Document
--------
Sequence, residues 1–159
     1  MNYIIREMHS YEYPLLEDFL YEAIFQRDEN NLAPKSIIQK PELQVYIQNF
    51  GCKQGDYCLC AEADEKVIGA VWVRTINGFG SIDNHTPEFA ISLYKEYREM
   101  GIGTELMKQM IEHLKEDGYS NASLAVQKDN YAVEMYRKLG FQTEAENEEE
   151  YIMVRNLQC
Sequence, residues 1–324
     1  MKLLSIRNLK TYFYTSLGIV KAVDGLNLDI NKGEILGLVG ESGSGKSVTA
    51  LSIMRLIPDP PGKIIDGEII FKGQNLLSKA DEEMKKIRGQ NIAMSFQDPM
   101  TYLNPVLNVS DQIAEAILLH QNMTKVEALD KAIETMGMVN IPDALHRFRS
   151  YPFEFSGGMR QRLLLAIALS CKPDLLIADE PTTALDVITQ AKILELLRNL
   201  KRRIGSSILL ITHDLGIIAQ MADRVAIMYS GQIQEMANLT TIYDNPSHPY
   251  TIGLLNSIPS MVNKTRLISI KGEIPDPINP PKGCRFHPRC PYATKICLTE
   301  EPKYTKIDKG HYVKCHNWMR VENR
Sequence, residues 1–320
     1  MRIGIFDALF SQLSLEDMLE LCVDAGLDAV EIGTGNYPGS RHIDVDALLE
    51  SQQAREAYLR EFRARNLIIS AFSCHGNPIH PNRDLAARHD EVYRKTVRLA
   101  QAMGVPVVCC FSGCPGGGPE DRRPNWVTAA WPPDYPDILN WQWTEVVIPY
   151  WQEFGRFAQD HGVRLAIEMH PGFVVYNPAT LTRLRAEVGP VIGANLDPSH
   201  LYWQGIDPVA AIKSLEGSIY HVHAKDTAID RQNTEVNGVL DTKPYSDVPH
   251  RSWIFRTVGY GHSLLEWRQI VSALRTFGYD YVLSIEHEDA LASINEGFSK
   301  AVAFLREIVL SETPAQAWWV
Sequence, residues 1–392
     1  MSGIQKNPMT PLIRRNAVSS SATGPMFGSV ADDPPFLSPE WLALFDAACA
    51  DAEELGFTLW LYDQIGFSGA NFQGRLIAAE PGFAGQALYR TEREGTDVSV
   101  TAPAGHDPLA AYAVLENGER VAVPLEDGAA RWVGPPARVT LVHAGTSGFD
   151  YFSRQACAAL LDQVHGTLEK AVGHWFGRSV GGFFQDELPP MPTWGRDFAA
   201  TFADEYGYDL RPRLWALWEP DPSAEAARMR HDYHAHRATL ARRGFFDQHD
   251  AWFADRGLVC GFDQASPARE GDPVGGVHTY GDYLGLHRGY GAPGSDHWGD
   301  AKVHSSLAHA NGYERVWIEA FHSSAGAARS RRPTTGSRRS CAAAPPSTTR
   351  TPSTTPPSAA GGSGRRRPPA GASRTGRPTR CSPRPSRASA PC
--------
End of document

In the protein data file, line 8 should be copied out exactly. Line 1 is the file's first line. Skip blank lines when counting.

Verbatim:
    51  LSIMRLIPDP PGKIIDGEII FKGQNLLSKA DEEMKKIRGQ NIAMSFQDPM